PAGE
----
The part marks are sometimes covered with a coating or anodizing, which is why the depths are under such scrutiny. As with any industrial process, time is money. So the quicker the part is marked at the desired depth depends directly on the performance of the laser. Laser output power or energy per pulse should be constantly monitored during the development of the laser application AND after the laser is put into production, so that the laser process has a consistently high throughput. In addition, the measurement of the consistency of the laser spot size is crucial, since the area within the laser spot will determine the power or energy density at the workpiece. If either the laser power/energy or the spot size changes over time, so will the laser process.

Figure 2. Example of Deep Laser Engraving

Plastics Marking

Another application where the laser is used for rapid part marking is in plastics marking. When the chemistry of the plastic is right, the laser produces a highcontrast permanent mark, sometimes in fractions of a second (depending on the content of the mark). I can say from personal experience that much time is put into the application of the laser in these processes to ensure that the process is optimized on the front end, as the laser is often put onto a production line where high throughput is a must. With any material processing where the laser is involved, the laser’s power density (laser power with respect to the beam size) needs to be optimized to obtain the desired effect. Plastic marking is no different.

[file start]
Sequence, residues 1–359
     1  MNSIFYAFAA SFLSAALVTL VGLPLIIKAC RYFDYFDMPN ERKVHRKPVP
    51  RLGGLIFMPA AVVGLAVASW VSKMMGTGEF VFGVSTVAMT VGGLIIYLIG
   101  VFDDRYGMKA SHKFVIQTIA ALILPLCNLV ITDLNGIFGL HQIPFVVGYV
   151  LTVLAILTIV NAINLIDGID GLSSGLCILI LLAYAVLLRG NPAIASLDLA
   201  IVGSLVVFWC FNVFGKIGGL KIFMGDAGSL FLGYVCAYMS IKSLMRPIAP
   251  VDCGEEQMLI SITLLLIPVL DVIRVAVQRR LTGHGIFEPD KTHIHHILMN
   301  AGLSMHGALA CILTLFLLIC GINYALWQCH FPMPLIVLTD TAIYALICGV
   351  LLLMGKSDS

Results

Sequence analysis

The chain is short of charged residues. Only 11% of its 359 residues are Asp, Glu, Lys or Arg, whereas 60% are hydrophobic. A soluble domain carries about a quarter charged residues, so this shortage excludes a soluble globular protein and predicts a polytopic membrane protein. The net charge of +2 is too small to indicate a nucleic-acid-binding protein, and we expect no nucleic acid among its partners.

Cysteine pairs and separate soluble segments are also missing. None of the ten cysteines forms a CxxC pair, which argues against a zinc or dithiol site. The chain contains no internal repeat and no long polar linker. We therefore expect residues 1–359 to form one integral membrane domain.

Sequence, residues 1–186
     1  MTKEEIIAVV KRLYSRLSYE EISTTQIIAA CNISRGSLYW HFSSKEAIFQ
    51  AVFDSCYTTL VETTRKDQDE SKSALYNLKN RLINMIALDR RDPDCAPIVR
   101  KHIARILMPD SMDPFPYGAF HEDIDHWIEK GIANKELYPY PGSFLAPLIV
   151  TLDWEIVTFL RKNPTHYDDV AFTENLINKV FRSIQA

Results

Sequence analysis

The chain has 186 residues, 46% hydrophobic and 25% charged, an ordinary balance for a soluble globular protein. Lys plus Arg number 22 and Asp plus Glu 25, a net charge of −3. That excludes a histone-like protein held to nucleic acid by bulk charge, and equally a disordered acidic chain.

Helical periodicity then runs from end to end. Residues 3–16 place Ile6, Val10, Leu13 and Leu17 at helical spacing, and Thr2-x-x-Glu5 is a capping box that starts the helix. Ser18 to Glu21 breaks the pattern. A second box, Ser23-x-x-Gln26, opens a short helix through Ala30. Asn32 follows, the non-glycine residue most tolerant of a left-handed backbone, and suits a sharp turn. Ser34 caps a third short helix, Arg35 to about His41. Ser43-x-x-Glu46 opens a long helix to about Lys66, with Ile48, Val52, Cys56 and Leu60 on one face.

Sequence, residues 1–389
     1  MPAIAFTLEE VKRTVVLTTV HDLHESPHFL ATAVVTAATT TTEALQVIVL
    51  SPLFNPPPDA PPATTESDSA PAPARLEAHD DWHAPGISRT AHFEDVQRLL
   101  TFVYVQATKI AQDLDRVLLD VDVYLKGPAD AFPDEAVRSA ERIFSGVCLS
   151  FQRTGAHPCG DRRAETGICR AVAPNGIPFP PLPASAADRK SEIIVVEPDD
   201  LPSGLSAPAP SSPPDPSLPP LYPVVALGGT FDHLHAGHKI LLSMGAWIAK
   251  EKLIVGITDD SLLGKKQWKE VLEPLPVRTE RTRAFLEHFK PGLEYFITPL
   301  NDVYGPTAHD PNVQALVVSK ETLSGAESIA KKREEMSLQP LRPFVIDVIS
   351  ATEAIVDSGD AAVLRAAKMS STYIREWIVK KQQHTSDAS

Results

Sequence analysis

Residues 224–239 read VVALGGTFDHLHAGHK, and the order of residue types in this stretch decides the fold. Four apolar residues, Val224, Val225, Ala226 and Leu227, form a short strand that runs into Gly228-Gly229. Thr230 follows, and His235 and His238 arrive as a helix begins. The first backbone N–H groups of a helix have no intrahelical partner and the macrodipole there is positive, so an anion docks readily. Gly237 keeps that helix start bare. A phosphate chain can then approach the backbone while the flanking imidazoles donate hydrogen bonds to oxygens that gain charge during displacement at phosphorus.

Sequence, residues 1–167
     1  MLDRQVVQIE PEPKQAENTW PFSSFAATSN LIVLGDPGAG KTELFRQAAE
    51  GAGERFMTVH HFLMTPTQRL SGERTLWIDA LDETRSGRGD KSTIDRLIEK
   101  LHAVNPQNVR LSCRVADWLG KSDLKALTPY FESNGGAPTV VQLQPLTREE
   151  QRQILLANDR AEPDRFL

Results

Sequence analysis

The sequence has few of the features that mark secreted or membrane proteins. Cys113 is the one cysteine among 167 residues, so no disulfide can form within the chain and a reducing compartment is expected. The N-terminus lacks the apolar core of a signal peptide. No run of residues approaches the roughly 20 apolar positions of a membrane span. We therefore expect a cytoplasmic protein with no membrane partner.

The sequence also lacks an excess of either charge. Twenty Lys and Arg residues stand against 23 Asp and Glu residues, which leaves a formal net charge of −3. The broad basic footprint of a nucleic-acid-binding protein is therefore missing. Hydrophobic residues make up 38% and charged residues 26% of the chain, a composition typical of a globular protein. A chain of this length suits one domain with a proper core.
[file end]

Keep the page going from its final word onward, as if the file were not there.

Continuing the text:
Figure 3. Example of Laser Mark on Plastic

There are several tricks that the laser applications engineer has in his arsenal when it comes to plastic marking. One of them is to increase the spot size (either through optical configuration or applying the laser slightly out of focus) to achieve a higher-contrast mark and quicker fill speeds. However, how is the process transferred from the laser where the application was developed to the laser that is put into production? The best way to achieve this is through laser measurements. Only by measuring the laser’s power or energy, and the measurement and viewing of the laser’s spot size can the laser application best ensure that the result on the production laser is the same as the applications lab’s laser. And, if things go wrong in production, these measurements will prove to be invaluable for returning the production laser to the benchmark of the original laser’s performance.

Avoid Vulnerability

It is true that laser marking applications have their own unique set of issues and approaches. But what is not unique is that it is still an application of a laser and the same laser performance and maintenance issues apply to these lasers performing part marking. The bottom line is that, if you are not measuring your laser’s performance characteristics for its optimized settings and for consistent performance, you leave one of your most costly investments vulnerable.

Whether you are on the front end of application development or are an end user responsible for maintaining high production throughput, if you are not monitoring your laser’s performance, you are running the risk of spending unneeded time and money when the laser needs to be brought back up to par. “An ounce of prevention is worth a pound of cure” is certainly true when it comes to any laser application, including laser marking.